Equally interesting are the changes to gun ownership. An obvious trend is that every time we have a mass murderer in the news, and every time there are discussions of gun safety, gun sales spike upwards as some fear that they won’t have access to a gun in the future. The Bureau of Alcohol, Tobacco, Firearms, and Explosives recognizes that we now have more guns than people in the United States.

Does that mean every man, woman, and child has a gun? Of course not. NORC at the University Chicago recently did a study which produced some interesting results. Paradoxically, at the same time the total number of guns in the country is increasing, the number of households with one or more guns is decreasing! More and more guns are held by fewer and fewer people.

This has be attributed in the main to fewer hunters. In 1977 someone in 32 % of households hunted. By 2014 that number had been cut in half to 15 %. This follows the demographic change of increasing urbanization. Fewer and fewer people live a rural life which favors hunting for sport or filling the larder.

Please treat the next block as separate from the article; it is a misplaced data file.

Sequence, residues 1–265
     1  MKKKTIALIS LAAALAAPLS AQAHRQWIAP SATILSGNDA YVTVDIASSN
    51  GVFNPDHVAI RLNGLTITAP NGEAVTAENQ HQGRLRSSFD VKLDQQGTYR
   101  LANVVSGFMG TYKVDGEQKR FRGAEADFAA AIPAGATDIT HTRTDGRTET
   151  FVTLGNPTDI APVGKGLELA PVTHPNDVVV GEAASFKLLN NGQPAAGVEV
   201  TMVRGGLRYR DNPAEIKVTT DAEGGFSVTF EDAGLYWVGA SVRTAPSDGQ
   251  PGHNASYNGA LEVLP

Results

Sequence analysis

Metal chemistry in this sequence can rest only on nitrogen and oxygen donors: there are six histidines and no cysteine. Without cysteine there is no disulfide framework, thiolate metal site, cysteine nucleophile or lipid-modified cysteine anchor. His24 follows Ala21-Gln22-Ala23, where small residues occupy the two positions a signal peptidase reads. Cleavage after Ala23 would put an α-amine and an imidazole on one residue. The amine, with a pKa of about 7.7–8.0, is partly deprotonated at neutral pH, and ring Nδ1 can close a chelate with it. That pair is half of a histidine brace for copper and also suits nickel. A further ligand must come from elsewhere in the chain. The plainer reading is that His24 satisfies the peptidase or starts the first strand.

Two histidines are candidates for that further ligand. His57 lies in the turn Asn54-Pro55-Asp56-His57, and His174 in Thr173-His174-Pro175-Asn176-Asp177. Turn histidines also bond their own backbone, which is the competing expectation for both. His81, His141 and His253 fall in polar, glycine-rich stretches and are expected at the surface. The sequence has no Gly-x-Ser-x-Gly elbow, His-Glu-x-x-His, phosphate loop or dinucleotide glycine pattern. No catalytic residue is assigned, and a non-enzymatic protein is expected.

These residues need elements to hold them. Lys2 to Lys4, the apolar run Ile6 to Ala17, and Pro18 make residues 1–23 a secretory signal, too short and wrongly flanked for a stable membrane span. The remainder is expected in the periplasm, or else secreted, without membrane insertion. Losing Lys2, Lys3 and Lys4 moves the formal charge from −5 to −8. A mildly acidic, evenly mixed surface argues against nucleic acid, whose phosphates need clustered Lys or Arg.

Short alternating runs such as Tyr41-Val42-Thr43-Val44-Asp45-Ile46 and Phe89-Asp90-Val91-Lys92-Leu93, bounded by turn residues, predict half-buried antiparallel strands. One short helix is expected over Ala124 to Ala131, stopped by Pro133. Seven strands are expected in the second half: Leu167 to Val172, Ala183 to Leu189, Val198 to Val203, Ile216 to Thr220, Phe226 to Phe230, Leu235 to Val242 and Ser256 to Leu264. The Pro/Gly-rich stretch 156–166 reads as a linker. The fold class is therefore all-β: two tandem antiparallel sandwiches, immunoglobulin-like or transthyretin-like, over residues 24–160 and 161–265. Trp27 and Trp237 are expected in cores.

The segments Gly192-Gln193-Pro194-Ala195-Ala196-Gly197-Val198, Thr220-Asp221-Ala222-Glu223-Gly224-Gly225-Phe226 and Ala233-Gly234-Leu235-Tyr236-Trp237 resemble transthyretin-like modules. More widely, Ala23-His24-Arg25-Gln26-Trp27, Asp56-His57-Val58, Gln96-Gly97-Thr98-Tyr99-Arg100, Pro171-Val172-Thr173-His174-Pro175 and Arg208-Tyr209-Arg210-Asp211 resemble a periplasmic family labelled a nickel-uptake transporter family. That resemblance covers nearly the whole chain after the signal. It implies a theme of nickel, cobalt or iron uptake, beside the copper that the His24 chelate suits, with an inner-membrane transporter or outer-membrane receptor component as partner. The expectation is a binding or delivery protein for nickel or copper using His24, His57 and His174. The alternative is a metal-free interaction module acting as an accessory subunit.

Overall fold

Gun ownership by region of the country is unsurprising. Most guns are in the old south because, well, the old south. Sparsely populated Rocky Mountain region was next with the heavily populated mid Atlantic region at the bottom with the fewest households with guns.

Apparently the more money you have the more likely you are to own a gun as there is a straight line correlation between household income and gun ownership. Finally the gender gap for gun ownership is narrowing. Even as total gun ownership by household goes down, the share of guns owned by women is going up.